Hi, all! I am SO happy to tell you all that I had my (one and only!) formal observation for this year! In NYC, we have two options for our evals: 1 formal and 3 informal or 6 informal. Like my entire grade, I took the first option. Our evaluations are based on the Danielson Framework, so for my formal obersvation, I needed to incorporate all 22 strands. Yikes!
Long, long, long agonizing story short, my observation went really well. I've been working with my class on having them take the lead all year and it really paid off during this observation. My students were totally on point and engaged for the whole lesson (and my AP stayed for all of focused reading instruction and scaffolded instruction - two full periods!). In particular, my students sustained an awesome "Team Talk" conversation without me stepping in at all. During this portion of the morning, the students discussed whether it was right for a character to eavesdrop on another character. My student leader called on classmates who responded directly to claims made by other students. They were supporting with evidence, they were clarifying for each other (!) and they asking each other questions. This conversation went so well that my AP asked if I could deliver some PD and have my class video taped for others to watch! :-O
As part of my reflection for our post observation conference, I wanted to write a little bit about how I encouraged my students to really take ownership of class discussions this year.
1.) Establish a culture of respect early on. You may have students who need to see that disagreement can be civil and they need to understand that when someone disagrees with them it isn't personal. I can't tell you how many times I had to repeat that phrase throughout September and October. It isn't personal when someone sees another side of things. I'm fortunate to have a co-teacher in my room during the "Team Talk" portion of ReadyGen (our literacy program). He and I modeled how to disagree but stay friendly.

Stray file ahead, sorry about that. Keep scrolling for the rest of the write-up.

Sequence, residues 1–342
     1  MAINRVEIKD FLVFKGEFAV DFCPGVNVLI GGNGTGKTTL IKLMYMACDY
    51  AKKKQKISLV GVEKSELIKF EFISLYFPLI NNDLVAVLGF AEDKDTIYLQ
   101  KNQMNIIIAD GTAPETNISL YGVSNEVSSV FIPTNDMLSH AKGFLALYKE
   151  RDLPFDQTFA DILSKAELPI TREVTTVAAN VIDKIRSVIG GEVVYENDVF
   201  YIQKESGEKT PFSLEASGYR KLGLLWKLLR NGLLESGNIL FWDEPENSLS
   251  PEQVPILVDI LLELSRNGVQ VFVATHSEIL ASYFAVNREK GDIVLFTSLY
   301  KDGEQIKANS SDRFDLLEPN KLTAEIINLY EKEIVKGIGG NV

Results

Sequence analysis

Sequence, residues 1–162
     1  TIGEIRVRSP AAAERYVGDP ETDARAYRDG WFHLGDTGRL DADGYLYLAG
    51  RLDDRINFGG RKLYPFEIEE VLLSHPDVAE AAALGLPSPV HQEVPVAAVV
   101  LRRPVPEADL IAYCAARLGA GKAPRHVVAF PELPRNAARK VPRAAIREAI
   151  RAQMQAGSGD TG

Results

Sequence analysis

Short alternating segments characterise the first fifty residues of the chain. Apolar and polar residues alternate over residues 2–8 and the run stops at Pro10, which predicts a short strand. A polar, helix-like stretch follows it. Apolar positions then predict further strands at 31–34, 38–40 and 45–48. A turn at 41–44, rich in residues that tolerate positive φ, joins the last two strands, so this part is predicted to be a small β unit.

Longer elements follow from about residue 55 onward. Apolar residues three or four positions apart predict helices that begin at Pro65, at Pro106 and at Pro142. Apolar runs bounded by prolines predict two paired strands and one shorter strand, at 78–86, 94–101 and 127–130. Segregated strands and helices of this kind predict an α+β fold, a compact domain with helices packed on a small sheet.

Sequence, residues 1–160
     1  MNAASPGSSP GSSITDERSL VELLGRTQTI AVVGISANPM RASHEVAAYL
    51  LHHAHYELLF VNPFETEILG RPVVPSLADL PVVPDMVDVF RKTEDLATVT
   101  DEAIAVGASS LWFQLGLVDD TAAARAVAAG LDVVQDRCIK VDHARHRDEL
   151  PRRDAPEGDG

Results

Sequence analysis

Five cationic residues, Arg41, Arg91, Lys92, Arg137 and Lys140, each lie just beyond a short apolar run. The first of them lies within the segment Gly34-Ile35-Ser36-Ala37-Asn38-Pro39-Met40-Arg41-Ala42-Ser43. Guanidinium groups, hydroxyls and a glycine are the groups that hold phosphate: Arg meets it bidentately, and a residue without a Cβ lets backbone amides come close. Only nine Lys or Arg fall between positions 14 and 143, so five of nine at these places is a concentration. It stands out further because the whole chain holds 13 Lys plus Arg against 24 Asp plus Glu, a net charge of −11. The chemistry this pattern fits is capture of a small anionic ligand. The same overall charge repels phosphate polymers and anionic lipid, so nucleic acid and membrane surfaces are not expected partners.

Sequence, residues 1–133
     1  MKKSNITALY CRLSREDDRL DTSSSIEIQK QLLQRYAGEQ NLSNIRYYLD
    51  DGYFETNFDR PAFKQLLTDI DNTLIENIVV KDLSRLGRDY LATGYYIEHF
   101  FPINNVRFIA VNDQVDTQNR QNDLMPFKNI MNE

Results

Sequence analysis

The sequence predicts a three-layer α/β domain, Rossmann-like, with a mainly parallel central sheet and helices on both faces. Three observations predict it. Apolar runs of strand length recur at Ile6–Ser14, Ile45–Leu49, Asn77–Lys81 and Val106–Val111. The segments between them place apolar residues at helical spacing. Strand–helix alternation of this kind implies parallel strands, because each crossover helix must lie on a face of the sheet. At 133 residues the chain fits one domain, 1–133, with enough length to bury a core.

2.) Respond directly to other students. A few months ago I posted about how I gave my students prompts to help them direct the questioning. Their favorite was "Who would like to agree or disagree?" but too often when they called on a classmate to agree or disagree the student would use the sentence stem but never actually respond directly to the idea they were agreeing with or disagreeing with! Students need to understand they can take a minute to think about what's been said and then speak directly to that rather than sit, listen and wait their turn to say something new.
3.) Remind students frequently to speak to each other. I will interrupt students to remind them to speak to the previous speaker. This keeps the conversation focused and avoids the pattern of student speaks, teacher/student teacher speaks, new student speaks.
4.) Force yourself to step back. Allow a little bit of silence in the room while students think and train student leaders to be able to identify students how have burning questions. As much as we do not want our students to call out, sometimes a student may blurt out the exact questions you were about to pose to the class to keep the conversation rolling. Student generated questions are essential to student led conversations!
5.) Debrief the class after they have a conversation. Take quick notes and highlight the things the class does well. Do they look at each other when they speak? Did the student leader do a great job calling on many voices? Was everyone using respectful body language? Did you refer directly to text? Did anyone ask a great question? Find those positives and praise the heck out of them! Then determine the next course of action and tell them how they will improve their conversation for the next discussion. You might do a mini lesson on what to do if a conversation seems to die out. This lesson isn't just for the student leading the discussion but all students, because eventually you want all students to take turns leading the conversation.
My next step is to move these student led teaching strategies into math!
Tell me, how do you have your students take the lead in your classroom?